Tissues often have multipotent stem cells, which can self-renew and generate specialized cell types within the tissue of origin (Prelle et al., 2002). Tissue-specific stem cells differentiate into the cells of that tissue. Heart-specific stem cells, for example, can differentiate into cardiomyocytes, smooth muscle, and vascular endothelial cells. Tissue-specific stem cells are less likely to trigger immune rejection, but isolation, ex vivo expansion, and availability may limit their use (Choumerianou et al., 2008).

3.2.2. Multipotent bone marrow stem cells

Hematopoietic stem cells (HSCs) and mesenchymal stem cells (MSCs) are two subtypes of multipotent bone marrow stem cells. They are attracted from distant sites after injury and aid in tissue repair (Lavker et al., 2004; Mimeault and Batra, 2008). They are self-renewing, inhabit the bone marrow, and may be used for autologous transplantation. MSC transplantation avoids immune rejection and formation of teratomas, with few ethical or political concerns (Kan et al., 2007). Commercial cell culture media facilitate their easy differentiation into chondrogenic, osteogenic, and adipogenic cells ex vivo.

3.2.3. Reprogramming somatic stem cells

Because of the ethical controversies associated with embryonic stem cells, pluripotent cells generated without destroying embryos are attractive, and may avoid immunorejection problems found with ESCs. Pluripotent stem cells may be generated by reprogramming adult somatic or germ cells by several methods, each with its own advantages and disadvantages.

Induced pluripotent stem (iPS) cells have been established by stably transfecting mouse and human fibroblasts with the transcription factors Oct-3/4, Sox2, Klf4, and c-Myc, which are expressed at high levels in ESCs. These transfected cells can differentiate into all three germ layer-derived cells and are syngeneic (Yuasa and Fukada, 2008). They closely resemble ESCs, but the reprogramming efficiency is low (Huangfu et al., 2008). A new method of reprogramming using a histone deacetylase inhibitor, valproic acid, avoids transfection of the oncogenes Klf4 and c-Myc (Yamanaka, 2007; Huangfu et al., 2008; Okabayashi and Asashima, 2008). Human fibroblasts may then be reprogrammed with only two transcription factors, Oct4 and Sox2. This inhibitor thereby facilitates reprogramming efficiency, safety, and practicality. These two factor-induced human iPS cells are similar to human ESCs in pluripotency, global gene expression profiles, and epigenetic states.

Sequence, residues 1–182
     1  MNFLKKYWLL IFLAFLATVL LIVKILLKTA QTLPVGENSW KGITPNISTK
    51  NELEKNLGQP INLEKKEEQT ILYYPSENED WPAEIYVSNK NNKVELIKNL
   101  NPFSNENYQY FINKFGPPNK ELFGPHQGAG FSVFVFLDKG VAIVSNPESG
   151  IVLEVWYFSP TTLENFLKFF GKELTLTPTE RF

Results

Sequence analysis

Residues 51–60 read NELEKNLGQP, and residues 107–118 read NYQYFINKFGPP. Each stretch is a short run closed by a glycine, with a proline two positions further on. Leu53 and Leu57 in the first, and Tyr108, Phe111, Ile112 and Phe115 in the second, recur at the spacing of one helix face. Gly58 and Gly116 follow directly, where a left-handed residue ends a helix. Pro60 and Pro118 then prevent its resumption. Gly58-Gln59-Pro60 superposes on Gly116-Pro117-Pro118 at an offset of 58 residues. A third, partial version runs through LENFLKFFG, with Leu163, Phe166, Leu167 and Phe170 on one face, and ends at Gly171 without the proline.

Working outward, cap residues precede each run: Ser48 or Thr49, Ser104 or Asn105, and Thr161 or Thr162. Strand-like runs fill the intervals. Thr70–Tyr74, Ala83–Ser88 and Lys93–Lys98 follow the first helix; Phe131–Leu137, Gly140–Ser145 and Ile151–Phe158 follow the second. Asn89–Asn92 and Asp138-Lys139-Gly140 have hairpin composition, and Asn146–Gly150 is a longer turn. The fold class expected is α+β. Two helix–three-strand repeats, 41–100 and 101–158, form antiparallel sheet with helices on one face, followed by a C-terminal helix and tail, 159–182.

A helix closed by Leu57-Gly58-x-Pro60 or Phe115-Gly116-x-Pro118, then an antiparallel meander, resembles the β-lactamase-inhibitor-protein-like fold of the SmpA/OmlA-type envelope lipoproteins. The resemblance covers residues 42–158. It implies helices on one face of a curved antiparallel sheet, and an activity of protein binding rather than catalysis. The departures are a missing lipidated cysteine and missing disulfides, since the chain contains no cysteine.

Pluripotent cells may also be obtained by transferring a nucleus from a somatic cell into an enucleated egg by Somatic Cell Nuclear Transfer (SCNT). The resulting blastocyst will have the same genetic material as the donor nucleus. This technically demanding procedure produced the first clone of an adult mammal, Dolly the sheep, and has since been repeated for a cat, cow, horse, mule, monkey, and dog (Yamanaka, 2007; Choumerianou et al., 2008).